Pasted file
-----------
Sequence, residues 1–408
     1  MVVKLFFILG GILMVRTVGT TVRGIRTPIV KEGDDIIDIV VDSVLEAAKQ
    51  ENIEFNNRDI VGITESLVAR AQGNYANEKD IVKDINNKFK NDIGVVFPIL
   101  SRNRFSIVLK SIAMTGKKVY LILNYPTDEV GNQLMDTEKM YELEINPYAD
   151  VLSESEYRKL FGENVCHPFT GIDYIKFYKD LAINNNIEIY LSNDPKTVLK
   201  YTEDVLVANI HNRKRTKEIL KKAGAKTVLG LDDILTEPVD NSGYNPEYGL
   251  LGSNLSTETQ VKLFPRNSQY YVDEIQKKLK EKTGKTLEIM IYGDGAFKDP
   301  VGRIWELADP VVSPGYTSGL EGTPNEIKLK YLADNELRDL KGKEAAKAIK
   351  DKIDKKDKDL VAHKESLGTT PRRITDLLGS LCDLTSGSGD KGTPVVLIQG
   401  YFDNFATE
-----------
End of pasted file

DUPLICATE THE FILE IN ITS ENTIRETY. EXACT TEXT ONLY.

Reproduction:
Sequence, residues 1–408
     1  MVVKLFFILG GILMVRTVGT TVRGIRTPIV KEGDDIIDIV VDSVLEAAKQ
    51  ENIEFNNRDI VGITESLVAR AQGNYANEKD IVKDINNKFK NDIGVVFPIL
   101  SRNRFSIVLK SIAMTGKKVY LILNYPTDEV GNQLMDTEKM YELEINPYAD
   151  VLSESEYRKL FGENVCHPFT GIDYIKFYKD LAINNNIEIY LSNDPKTVLK
   201  YTEDVLVANI HNRKRTKEIL KKAGAKTVLG LDDILTEPVD NSGYNPEYGL
   251  LGSNLSTETQ VKLFPRNSQY YVDEIQKKLK EKTGKTLEIM IYGDGAFKDP
   301  VGRIWELADP VVSPGYTSGL EGTPNEIKLK YLADNELRDL KGKEAAKAIK
   351  DKIDKKDKDL VAHKESLGTT PRRITDLLGS LCDLTSGSGD KGTPVVLIQG
   401  YFDNFATE